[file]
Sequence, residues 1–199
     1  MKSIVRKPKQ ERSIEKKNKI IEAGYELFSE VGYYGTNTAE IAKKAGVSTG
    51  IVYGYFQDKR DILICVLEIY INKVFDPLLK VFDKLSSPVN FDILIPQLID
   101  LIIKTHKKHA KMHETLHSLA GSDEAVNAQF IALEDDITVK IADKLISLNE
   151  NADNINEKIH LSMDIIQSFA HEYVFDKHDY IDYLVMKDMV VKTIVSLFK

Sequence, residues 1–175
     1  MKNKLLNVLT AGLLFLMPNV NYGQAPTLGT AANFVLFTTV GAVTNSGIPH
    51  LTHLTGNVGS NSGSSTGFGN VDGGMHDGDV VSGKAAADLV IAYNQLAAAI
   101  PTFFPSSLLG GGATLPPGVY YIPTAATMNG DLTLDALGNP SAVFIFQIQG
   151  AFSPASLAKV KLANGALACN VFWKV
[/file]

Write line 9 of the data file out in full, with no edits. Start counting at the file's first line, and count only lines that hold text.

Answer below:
   101  PTFFPSSLLG GGATLPPGVY YIPTAATMNG DLTLDALGNP SAVFIFQIQG